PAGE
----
Wednesday, May 17, 2017

Second-guessing Snap

Did Snap decide to go public too quickly? Are its bankers and board regretful, after share-price declines and a recent large loss?
Just weeks ago, Snap, the corporate parent of the popular Snapchat application, issued new shares to the public in a bang. Investors hustled to get a piece of the new IPO and imagined stock values that would eventually soar in they way they do for Facebook, Apple and Google.

Snap shared a past with these and other big tech giants in that they were started by twenty-something wonders, brought fascinating products and service to the market, struggled with early losses, struggled in early days to get the business bustling, and managed the demands of venture capitalists.

Snap made the decision last year to go public and "actualize" theoretical values of the company. In the process it would raise some cash to put on the balance sheet and decide how best to grow the company and face off against Facebook's Instagram. In doing so, bankers prayed this might spur momentum in a lackluster IPO market and might encourage Silicon Valley unicorns Uber and AirBnB to rush to market.

Just weeks later and just after reporting a blockbuster loss in its first reporting period after the IPO, Snap leaders and board members might be second-guessing themselves.  In the recent quarter, it announced a $2.2 billion loss that sent its stock value in a downward swoon (25%) and caused many to wonder if it would have been better off to delay the offering. (If it had delayed, the loss would not have been publicly acknowledged. It would have, however, likely been the subject of speculation the company continues not to make money.)

The announcement of the loss caused its stock price to sink from $23/share to $18/share in a blink. At May 17, the stock was valued at $19/share. Unlike the mildly botched IPO offering at Facebook, when shares dropped partly because of share-distribution mechanics with Nasdaq, Snap's price decline reflects true market sentiments.

As a public company, it must disclose and explain the loss and then gear the market up for how it will perform in the next quarter. And the quarter after that. And on and on.

How is the loss explained? That it lost money is not news. Snap, the quarterly reports show, loses about $100-200 million every three months.  This loss was ten times more than usual. The company explained most of the expenses in the recent quarter are one-time charges and promises the losses will settle back to usual levels.  But will investors feel comfortable enough with such assertions to jump back into the stock? Some hedge funds, reports say, have short positions in the stock.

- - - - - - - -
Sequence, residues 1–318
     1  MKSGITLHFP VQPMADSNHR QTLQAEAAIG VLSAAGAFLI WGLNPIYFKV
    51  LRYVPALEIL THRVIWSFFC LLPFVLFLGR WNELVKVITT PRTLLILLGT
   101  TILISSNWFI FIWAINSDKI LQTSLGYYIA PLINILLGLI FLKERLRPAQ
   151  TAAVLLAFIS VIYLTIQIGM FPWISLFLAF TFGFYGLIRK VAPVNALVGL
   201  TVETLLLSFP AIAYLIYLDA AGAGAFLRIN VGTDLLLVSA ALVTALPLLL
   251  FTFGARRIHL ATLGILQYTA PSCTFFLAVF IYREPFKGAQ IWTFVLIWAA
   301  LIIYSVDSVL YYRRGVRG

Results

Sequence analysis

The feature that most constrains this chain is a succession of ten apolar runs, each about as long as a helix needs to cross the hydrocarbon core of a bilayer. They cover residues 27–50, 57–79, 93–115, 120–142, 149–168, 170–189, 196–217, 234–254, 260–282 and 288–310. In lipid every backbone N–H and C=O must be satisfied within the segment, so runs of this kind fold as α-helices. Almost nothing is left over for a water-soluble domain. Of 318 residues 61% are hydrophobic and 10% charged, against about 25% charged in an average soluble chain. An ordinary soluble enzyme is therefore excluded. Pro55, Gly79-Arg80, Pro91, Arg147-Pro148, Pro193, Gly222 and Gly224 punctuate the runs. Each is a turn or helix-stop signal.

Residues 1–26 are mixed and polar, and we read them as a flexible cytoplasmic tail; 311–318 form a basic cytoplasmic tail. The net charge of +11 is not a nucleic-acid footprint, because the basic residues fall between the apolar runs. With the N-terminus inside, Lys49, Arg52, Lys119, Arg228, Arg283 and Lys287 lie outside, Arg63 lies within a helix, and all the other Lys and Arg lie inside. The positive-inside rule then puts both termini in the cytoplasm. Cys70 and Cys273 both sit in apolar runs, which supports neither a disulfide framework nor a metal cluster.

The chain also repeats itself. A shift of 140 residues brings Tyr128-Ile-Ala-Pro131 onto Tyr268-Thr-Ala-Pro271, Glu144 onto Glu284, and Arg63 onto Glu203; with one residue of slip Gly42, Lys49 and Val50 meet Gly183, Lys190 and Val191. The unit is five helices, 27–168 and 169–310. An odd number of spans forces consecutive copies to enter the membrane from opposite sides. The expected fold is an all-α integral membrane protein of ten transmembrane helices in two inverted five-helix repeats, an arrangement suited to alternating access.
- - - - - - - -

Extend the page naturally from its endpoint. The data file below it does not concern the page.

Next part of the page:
In the most recent quarter, the company reports over $1.4 billion in sales and administrative expenses and about $800 million in essential research-and-development expenses in its battle with Instagram and practically all other firms that generate revenues mostly from digital advertising.  Most of these expenses were accrued, so the company didn't necessarily use up all the cash it received in the public offering. It still holds onto about $990 million in cash reserves and will collect another $160 million in the period to come from receivables.

Hence, the company is  not yet desperately cash-strapped--at least not in the short term. It also has no debt and pays no dividend, which means it isn't under pressure to generate high levels of cash flow to meet demands from lenders, debt investors and shareholders.  Shareholders, if they aren't already, will wonder about long-term prospects and growth. Will the losses ever transition into earnings, and how long can they tolerate that?  Snap reminds investors earnings won't be positive anytime soon.

Wouldn't the company have been better off remaining private? (Is this the question for the moment its leaders and bankers have pondered?)  Going public permitted it to raise cash and reward founders and employees.  Going public also might have forced the company instill financial discipline and deliver a plan toward profitability to the public.

But going public forces it to explain lagging performance and rationalize to frustrated shareholders why they "aren't there yet" and devote more time to investor constituencies, less time to product strategy. It permits the flocks of equity analysts to scrutinize every line on the income statement and balance sheet and second-guess strategy, forecasts, financial condition and intrinsic market value. Every quarter, co-founders Spiegel & Murphy must delivery a public message about Snap operations--good or bad.

As a public company with no earnings expected for quarters (years?) to come, does it still have "value"? Expert tech investors will argue it does.  Earnings and cash flow contribute to value, but so do accounts, views, usage and resident technology (which Snap has, although growth has slowed and the competition is strong).  With all the recent bad news regarding performance and expected growth, the company's market value totals $24 billion--about 20 times the value of an old company like the retailer J.C. Penney.

It's a good bet Snap's loss, for the most part, encouraged AirBnB and Uber, private companies on everybody's watch list for the next big IPO, to hang back and remain private for a while.

Tracy Williams

See also:

CFN:  Facebook's Stumbling IPO, 2012
CFN: Twitter Takes an IPO Turn, 2013

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